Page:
About dolphins in captivity
by firmm Team
Text: Dominique Geysen
Somewhere between 1998 and 2007 I have been professionally involved through several projects with marine mammal foundation firmm. Also, throughout my 2400 days embarked as a seaman I have encountered many whales and dolphins in freedom while sailing around our Oceans. I have even been blessed with occasional underwater encounters as a diver in locations like The Galapagos, French Polynesia or even Mallorca. With this, I believe to have gained enough insight in order to give you a valuable perspective on my reality towards Dolphins in captivity.
Let's look at it from a dolphin's point of view
From what is known, dolphins could be swimming between 100 and 200 km/day and offshore Killer Whales could well be swimming up to 400 km/day. By locking these animals up in a 50x10 meter pool (if so) a valid comparison, towards us humans, would be to lock-up someone in a toilet cabinet for some years. In addition, when captured, many youngsters are separated from their pod at young age and will be joined into a pool with dolphins of a different pod or even specie. The language of the individual is therefore different in many aspects, and the intensity of their clicks resonates exponentially in a closed basin like a pool. I trust your imagination to further expand your vision on the subject.
In order to keep the animals docile and not to freak them out, the dead fish they get fed with are injected with tranquilizers and antibiotics. The second one, in order to avoid skin problems due to the poor pool water quality. It is known that their obedience is gained through exchange with food, sometimes pushing the limit of starvation to obtain satisfactory tricks execution towards the trainers’ expectations for shows.
The fact that the life expectancy of these captive mammals is drastically reduced by all the above will probably make sense to you now.
The efforts and goal of Mr. Ric O’Barry to close down all dolphinarium in the world is grounded on his experience as former trainer of the famous dolphin called “Flipper”. He has lived the crude reality of the marine mammal captive business in person from inside for many years. I encourage you to read about his amazing journey. (www.dolphinproject.com)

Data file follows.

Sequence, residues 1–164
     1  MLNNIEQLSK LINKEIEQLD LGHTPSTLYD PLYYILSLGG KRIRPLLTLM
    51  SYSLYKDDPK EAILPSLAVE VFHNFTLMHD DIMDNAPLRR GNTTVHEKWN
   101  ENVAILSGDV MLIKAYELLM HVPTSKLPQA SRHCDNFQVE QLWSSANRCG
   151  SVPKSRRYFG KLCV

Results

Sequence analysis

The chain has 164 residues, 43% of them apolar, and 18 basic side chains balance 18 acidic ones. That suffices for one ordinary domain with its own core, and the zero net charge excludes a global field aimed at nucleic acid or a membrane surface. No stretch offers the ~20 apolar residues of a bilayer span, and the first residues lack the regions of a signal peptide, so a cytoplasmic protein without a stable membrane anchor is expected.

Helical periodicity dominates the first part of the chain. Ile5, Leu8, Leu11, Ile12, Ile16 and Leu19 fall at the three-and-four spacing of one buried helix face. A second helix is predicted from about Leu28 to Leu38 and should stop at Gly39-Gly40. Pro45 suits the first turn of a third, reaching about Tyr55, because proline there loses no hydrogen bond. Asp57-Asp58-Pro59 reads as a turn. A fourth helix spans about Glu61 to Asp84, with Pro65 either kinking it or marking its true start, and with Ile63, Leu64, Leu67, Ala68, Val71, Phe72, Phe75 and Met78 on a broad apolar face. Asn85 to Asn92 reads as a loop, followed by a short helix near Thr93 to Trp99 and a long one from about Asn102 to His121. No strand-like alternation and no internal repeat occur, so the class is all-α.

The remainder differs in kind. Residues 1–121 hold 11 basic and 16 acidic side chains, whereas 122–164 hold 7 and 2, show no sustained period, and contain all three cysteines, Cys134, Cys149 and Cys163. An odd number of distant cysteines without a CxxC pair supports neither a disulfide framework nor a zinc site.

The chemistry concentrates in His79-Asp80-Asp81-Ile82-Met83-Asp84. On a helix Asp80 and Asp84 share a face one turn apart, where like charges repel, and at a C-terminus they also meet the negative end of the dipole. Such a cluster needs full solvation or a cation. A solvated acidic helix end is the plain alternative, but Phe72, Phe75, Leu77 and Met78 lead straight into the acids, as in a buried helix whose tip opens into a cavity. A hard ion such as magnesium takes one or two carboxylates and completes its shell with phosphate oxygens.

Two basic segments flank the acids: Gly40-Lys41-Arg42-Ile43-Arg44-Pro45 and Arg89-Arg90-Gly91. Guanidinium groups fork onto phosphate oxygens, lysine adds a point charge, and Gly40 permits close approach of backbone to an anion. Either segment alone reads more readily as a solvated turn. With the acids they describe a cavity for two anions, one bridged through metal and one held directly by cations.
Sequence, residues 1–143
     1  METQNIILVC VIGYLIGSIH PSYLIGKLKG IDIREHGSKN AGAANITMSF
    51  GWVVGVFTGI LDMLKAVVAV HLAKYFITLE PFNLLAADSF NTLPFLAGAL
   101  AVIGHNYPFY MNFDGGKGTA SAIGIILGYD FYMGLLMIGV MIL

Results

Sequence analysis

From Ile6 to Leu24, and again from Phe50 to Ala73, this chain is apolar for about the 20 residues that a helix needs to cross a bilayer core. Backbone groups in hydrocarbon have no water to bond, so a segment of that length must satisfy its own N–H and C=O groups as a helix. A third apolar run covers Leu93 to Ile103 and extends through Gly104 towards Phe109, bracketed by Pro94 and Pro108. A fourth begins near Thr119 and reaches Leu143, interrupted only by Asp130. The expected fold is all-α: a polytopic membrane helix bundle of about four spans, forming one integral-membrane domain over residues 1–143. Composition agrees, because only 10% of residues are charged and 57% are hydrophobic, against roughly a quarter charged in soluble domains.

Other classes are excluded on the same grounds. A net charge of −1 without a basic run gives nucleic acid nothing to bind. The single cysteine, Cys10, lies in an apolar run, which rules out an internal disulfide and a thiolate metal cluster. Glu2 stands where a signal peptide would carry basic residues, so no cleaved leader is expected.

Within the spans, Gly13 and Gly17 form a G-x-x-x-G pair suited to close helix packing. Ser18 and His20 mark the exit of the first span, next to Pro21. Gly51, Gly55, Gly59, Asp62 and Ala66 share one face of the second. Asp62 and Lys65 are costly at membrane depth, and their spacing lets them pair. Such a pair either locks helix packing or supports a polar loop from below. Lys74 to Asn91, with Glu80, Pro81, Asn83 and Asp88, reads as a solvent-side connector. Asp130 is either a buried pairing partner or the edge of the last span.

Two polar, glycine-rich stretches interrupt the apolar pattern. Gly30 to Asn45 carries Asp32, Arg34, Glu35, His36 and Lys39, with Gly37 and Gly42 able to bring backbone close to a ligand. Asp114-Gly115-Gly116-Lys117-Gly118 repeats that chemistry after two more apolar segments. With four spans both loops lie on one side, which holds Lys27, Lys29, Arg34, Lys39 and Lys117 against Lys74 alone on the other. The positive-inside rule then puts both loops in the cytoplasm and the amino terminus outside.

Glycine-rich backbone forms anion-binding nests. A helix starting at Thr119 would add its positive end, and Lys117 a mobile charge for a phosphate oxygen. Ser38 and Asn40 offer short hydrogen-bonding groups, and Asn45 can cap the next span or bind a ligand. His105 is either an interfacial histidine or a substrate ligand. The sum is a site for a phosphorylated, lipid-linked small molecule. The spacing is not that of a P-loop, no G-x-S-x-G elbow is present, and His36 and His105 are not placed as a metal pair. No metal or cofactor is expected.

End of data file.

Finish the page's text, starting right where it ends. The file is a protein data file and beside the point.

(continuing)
My experience with dolphinariums
Somewhere between 2003 and 2006, firmm® had the initiative to build a dolphin-sanctuary in Morocco. The idea to retire dolphinarium dolphins in a closed open-sea bay could offer the possibility to help other wild marine mammals with problems, was appealing to me. After years of efforts the project eventually never took place but gave me additional insight on the activities happening inside dolphinariums too. Not only was I involved with plans of building this harbour/bay facility, but also was I invited to visit a dolphinarium to see if I could purchase dolphins in order to retire them from shows.
During that specific visit I was invited to talk to a “specialized trainer” who was in charge of gathering autistic children with Dolphins in the pool. It is believed that the caring nature of these mammals could have an impact on the behaviour of autistic children. Some pretend it could lighten or even cure the syndrome. When the autistic children, equipped with a lifejacket, were guided by their arm to position themselves to be approached by a bottlenose dolphin, the encounter took place without difficulty.
Therapeutic effectiveness of dolphin therapies could not be proven – but they make money.
The big dollars were cashed-in for a non-guaranteed 15-20 min. experience in the pool, and it was “all happening” for the parents sitting in the tribunes. I cannot judge on this topic not being a specialized doctor, but only can express the stressed feeling of my stomach which turned into a knot when I saw one of the parents observing his child from head to toe expecting something could have changed when out of the water again. I do not wish to judge the reaction of that parent not being a parent myself of a child with this syndrome. I suppose that the commercialization of this whole show is probably what disgusted deeply.
An unforgettable experience
To cheer you up, and out of respect for these beautiful and charismatic animals, I personally only had a kind of a similar comparative experience. While snorkelling in open sea with some friends we were approached by wild dolphins. They were only interested in one woman of the group and surrounded her. Something about her made them curious obviously, and it nearly felt as they were protecting her. For some reason someone was just naturally joking by saying she could be pregnant, which later was proven to be the case. We believed the dolphins could have sensed the second heartbeat of the baby through their echolocation and just congratulated her?
The dolphinarium are still a legal business in many parts of the world and you are therefore free to visit these by all means. Just realise that by doing so, you engage your personal responsibility of being part of providing these businesses and their practices extra strength.
Some people, including me, consider dolphinariums unethical and cruel!